Indie behind The Night Manager to use £136m investment to expand into VR and theatre
The Night Manager indie The Ink Factory is using a £136m investment to expand into new genres with fresh talent, and diversify into VR and theatre.
Simon Cornwell, who founded the London- and Los Angeles-based producer with brother Stephen in 2010, told Broadcast that it will increasingly put “authors and creators at the heart of what we do”, as it branches out from adapting their father John le Carré’s books.
“We are thinking less about optioning a book for a TV show and more in terms of identifying interesting writers with great bodies of work. We want to team up with them and see how we can help them tell stories in whatever media is best,” said Simon.
The producer is developing its first play and is “actively interested” in locating emerging novelists, journalists, playwrights and screenwriters to expand its slate. “We would love to do a comedy or a musical,” said Stephen.
“By building a really strong core to the company, we feel we can diversify in many interesting ways.”
The Ink Factory recently secured £136m for international expansion and to boost its development and production capability.
The funds were raised through a second round of equity financing with its existing investors, while Hong Kong-based 127 Wall Productions has been brought in to invest specifically in its film and TV productions.
A debt facility with French TV and film financing company Natixis Coficiné will be used to finance all Ink Factory shows.
The company, one-third of which is owned by private investors, will use the investment to strengthen its central infrastructure. Simon stressed, however, that the producer will remain culturally independent.
“We have been very careful about building the company in a way that does not tie us into traditional distribution infrastructures that are trying to defend the old way of doing things against the new,” he said.
“That seems risky to us. We have tried to steer away from taking money from existing industry behemoths.”
The indie’s current projects include Le Carré TV adaptations The Spy Who Came In From The Cold and Little Drummer Girl, as well as an adaptation of Andrew Michael Hurley’s supernatural novel Devil’s Day and feature film Hotel Artemis.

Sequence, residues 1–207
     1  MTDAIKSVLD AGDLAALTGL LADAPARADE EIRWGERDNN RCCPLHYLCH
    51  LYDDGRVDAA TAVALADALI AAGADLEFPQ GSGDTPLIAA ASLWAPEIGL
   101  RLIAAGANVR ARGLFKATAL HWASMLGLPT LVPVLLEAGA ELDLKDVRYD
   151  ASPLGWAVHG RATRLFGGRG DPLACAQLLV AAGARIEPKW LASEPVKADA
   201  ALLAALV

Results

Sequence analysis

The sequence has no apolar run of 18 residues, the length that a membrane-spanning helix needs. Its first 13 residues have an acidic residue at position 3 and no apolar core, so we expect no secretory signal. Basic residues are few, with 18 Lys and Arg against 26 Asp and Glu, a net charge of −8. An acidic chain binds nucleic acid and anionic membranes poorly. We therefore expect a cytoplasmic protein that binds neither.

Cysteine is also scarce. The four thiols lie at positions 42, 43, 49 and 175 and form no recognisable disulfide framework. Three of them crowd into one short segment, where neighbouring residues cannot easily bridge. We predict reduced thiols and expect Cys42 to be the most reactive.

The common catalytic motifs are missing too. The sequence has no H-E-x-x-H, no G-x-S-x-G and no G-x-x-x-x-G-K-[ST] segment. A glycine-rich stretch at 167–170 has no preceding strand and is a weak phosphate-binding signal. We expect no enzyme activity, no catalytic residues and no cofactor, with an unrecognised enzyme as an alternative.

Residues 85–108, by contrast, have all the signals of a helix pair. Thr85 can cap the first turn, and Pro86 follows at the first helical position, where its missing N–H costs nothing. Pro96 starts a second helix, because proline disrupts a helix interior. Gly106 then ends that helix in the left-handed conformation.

Bolstered by the investment, The Ink Factory will next look to exploit its IP to “tell stories in the digital arena”.
“We are looking at virtual and augmented reality. When we were shooting Hotel Artemis, we were capturing all the digital assets we needed to create games and virtual worlds down the line,” said Simon.
“It is a perfect example of beginning to tell a story through a movie, but actually creating a world that can extend into many different media.”
The Cornwells noted that “part of the corporate gene pool” is full access to 86-year-old author Le Carré’s 26 published works.
“We think very much in terms of individual shows, but we are also thinking about the worlds that Le Carré has created,” Simon said.
BBC1/AMC co-production The Spy Who Came In From The Cold will introduce a new generation to the character of George Smiley, memorably played by Alec Guinness in two BBC series – in 1979 and 1982 – and described by Simon as “Le Carré’s single most iconic character”.
“It’s reasonable to think audiences might want to see more of Smiley, and that we might want to make those audiences happy,” Simon added.
The Ink Factory’s third BBC1/AMC co-production, Little Drummer Girl, will be South Korean director Park Chan-wook’s TV debut – much like The Night Manager marked Danish film-maker Susanne Bier’s first foray into TV.
“In the broadcast space, we are looking to combine stronger directorial voices and top actors with the material to lift it up and keep the audience engaged,” said Simon.
While The Ink Factory has to date worked exclusively with BBC1 and AMC on TV projects, Simon said it is “very open” to SVoD partnerships.
Amazon, which had second-window rights to The Night Manager in the UK and many international territories, “probably ended up being as significant a partner as BBC1 and AMC”, he said.
The Ink Factory also produced Netflix original film Message From The King. However, Simon said there are “challenges” with the streaming services’ economic model that still need to be ironed out.
“It is tough to go into a world where you don’t get paid for the [international] success of your project,” he said. “It’s hard for us to contemplate and hard for the talent to accept, but my suspicion is that those deals will evolve over time.”